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Eglinton rail project brings rivals together

‘Save Transit City’

By Natalie Alcoba

It wasn’t too long ago that the idea of David Miller and Karen Stintz campaigning together would have sounded just crazy. But in the battle to pressure the provincial government to reinstate full transit funding for a light rail network, the-once formidable adversaries are on the same side.

Mayor Miller and Councillor Stintz (Eglinton-Lawrence) spent almost an hour by the main turnstiles at Eglinton Station, handing out brochures for a “Save Transit City” campaign that the Mayor is fiercely pushing.

They looked relaxed in each other’s orbit, crouching for a picture with a sleeping baby together, making sure to point the other one out to everyone who stopped for a chat.

“Did you meet Councillor Stintz? She’s the local councillor here,” Mr. Miller told a group of teenagers. A woman confided she was “star-struck” when Ms. Stintz pointed the Mayor out.

Last month, the McGuinty government announced it was “delaying” $4-billion out of more than $9-billion for transit expansion in the GTA. It insists it will build the LRT lines, including the Eglinton Crosstown that traverses the entire city, but the Mayor — who has staked much of his legacy on the LRT plan called Transit City — maintains that any delay puts the routes at risk.

A $43,000 campaign (the cost divided between the Mayor’s office, the city and the TTC) attempts to drive the message home with posters, buttons and flyers encouraging people to voice their protest with the provincial government.

Did the Mayor and Ms. Stintz ever think they would be campaigning alongside one another?

“I think we can both say that transit crosses any partisan lines, and on this I fully support Mayor Miller and his initiative and I’m proud to stand here beside him and get the message out,” said Ms. Stintz.

Flashing a broad grin, and putting his arm around her, the mayor added: “I always knew there would be something.”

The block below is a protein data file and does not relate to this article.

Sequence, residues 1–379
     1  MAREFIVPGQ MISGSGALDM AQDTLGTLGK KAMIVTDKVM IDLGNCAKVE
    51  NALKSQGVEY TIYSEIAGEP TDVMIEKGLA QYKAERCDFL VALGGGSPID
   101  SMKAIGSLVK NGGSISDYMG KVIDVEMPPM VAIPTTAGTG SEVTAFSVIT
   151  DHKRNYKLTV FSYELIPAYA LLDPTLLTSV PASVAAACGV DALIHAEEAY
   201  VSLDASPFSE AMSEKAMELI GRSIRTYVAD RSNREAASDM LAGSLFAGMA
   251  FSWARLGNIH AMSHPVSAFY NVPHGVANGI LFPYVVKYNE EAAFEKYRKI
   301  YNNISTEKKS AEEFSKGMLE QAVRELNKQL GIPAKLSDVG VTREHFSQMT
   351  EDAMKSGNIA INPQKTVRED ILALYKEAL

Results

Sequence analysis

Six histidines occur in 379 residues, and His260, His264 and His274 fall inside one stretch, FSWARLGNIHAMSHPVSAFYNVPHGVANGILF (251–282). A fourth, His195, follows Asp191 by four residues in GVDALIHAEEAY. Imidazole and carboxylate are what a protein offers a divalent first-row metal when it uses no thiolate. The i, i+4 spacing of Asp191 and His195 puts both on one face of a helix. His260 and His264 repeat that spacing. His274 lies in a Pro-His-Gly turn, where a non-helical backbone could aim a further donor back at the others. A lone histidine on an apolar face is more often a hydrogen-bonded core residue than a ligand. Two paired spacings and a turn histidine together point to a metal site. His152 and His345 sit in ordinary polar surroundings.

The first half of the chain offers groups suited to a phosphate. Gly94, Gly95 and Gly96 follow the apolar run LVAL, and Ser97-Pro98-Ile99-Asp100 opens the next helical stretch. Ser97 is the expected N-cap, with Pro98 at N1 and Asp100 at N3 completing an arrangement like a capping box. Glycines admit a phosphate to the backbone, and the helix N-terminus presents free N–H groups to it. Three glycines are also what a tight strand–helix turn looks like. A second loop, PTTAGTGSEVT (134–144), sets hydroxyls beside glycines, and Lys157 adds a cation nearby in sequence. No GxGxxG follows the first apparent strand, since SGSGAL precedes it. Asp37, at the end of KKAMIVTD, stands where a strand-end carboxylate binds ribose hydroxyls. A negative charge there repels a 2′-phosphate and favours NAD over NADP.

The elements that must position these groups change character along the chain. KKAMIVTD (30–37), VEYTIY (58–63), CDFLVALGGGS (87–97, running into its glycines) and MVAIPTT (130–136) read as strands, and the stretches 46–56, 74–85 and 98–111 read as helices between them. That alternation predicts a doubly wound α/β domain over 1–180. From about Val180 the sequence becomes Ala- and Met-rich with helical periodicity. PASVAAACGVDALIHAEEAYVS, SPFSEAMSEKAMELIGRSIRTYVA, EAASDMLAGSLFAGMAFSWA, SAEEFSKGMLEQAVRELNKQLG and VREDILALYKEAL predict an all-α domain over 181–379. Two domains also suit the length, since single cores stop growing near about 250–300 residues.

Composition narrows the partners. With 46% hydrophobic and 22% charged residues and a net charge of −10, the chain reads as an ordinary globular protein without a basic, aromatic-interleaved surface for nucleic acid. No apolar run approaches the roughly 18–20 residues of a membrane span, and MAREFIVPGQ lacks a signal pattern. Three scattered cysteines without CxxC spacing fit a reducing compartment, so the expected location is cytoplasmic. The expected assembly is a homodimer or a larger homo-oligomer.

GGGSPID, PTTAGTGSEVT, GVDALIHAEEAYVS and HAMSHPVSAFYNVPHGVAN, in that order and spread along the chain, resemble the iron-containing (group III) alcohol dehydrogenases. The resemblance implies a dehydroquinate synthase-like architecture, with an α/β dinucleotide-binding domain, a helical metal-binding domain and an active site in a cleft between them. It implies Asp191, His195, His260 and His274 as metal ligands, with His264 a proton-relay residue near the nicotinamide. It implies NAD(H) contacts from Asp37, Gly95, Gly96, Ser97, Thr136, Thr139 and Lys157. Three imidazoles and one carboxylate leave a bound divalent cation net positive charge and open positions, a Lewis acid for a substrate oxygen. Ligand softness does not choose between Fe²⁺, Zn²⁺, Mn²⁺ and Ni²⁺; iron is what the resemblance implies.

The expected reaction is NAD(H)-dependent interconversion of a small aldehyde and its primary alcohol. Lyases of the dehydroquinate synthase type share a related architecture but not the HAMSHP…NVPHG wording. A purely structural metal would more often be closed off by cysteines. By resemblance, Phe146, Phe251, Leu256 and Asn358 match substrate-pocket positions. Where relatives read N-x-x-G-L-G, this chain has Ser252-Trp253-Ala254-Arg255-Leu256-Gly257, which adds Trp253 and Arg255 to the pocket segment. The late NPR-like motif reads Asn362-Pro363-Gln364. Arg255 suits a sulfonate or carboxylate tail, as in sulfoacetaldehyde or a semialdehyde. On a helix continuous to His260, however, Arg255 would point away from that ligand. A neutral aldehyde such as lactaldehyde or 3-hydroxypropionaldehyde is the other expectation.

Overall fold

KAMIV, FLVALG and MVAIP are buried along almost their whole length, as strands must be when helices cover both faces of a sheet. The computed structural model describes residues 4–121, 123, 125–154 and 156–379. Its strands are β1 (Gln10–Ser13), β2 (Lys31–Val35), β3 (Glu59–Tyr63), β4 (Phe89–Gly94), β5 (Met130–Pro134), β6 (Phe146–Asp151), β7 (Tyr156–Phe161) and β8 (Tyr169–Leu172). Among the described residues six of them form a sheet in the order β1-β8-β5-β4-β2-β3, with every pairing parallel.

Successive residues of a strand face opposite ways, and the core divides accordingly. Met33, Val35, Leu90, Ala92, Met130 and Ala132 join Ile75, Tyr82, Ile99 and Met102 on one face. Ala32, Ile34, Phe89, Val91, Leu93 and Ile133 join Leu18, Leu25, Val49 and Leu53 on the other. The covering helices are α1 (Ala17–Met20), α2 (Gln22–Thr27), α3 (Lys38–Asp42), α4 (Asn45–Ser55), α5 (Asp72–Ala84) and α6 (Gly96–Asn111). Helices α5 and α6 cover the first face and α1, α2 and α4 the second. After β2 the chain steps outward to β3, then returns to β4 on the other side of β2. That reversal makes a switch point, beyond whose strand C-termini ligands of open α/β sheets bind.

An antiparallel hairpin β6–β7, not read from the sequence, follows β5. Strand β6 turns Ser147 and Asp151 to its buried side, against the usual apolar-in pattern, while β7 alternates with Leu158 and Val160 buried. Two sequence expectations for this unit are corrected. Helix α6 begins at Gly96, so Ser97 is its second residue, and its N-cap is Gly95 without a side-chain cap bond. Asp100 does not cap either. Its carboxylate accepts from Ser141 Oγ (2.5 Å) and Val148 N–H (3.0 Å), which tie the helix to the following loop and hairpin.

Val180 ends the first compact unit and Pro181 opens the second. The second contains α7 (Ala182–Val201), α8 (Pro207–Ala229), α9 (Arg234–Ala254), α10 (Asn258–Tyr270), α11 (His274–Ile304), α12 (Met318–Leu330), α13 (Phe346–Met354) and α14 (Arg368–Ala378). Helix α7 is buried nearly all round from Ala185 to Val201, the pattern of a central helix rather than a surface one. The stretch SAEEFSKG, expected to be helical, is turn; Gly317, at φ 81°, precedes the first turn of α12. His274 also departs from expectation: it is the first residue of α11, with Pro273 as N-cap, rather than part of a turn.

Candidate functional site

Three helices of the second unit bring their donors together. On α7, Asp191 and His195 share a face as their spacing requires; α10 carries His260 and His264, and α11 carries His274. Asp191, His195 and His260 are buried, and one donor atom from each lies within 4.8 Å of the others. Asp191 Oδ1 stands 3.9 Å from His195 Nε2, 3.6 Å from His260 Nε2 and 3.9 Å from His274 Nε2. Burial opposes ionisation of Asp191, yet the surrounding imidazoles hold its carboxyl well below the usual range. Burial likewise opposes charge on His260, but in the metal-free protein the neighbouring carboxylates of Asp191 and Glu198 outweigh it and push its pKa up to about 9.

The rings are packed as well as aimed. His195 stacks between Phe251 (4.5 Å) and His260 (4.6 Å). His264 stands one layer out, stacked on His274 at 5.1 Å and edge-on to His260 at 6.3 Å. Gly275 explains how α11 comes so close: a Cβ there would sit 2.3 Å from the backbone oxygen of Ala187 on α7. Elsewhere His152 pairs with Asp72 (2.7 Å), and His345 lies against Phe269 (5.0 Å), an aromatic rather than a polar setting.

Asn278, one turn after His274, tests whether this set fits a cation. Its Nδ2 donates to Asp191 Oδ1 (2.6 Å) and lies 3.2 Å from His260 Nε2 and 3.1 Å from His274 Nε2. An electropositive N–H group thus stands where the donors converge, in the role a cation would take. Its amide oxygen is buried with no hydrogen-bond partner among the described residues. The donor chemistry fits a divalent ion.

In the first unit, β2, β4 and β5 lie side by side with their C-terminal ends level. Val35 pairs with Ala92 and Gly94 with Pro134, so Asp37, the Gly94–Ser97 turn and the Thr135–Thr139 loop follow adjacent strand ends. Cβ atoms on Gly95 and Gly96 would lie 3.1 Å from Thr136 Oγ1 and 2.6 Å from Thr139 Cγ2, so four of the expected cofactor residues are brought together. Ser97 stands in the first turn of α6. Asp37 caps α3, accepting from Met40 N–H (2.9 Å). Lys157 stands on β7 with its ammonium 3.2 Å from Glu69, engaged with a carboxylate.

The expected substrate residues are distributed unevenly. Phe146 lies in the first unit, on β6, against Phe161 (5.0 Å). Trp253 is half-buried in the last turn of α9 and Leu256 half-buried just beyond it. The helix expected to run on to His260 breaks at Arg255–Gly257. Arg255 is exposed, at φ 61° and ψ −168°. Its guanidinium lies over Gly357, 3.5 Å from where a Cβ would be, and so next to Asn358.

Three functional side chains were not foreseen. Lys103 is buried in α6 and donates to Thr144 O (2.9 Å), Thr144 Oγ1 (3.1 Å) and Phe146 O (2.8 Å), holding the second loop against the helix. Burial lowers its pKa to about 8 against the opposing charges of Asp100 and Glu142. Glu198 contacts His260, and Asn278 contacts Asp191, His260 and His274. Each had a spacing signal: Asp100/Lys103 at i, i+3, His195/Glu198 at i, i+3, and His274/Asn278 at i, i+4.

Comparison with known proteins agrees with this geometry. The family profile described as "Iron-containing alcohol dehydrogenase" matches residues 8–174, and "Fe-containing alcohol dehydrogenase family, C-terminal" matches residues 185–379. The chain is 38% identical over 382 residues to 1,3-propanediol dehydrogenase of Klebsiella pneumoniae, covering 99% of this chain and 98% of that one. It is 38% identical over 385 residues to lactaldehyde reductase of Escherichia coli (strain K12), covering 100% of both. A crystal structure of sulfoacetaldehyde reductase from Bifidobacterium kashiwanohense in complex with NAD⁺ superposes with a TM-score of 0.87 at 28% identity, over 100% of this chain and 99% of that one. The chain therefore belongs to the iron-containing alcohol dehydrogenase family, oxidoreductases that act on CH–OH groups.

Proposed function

He added: “I thought it was important to send the message that City Council is united on this, and that we all need rapid transit in our neighbourhoods.”

To be sure, the waters between the Mayor and the midtown councillor, who famously unseated his ally, Anne Johnston, in 2003, have warmed. In 2006, hers was the only ward in which Mr. Miller publicly supported a candidate — and it was her opponent. Ms. Stintz, a fiscal conservative who has been a loud critic of the Mayor’s, has since tempered her tone, and earlier this month he supported her motion on the controversial redevelopment of a Yonge and Eglinton square.

Ms. Stintz calls the Eglinton Crosstown “critical” to the mobility of residents living in her ward, and beyond. “There’s no question that the residents in this community believe it needs to get built and it needs to be built on schedule.”

The Mayor says he is optimistic the province can be convinced to reverse its decision. A look at the numbers, he says, suggests it would cost more to buy more buses to service routes that would have been serviced by a new LRT, than to keep Transit City on its original schedule.

To the public, his message was simple: “If you want to save the Eglinton line, make sure we have rapid transit, call the Premier,” he called out to commuters.

“I love campaigning,” the Mayor said. “I just love it.”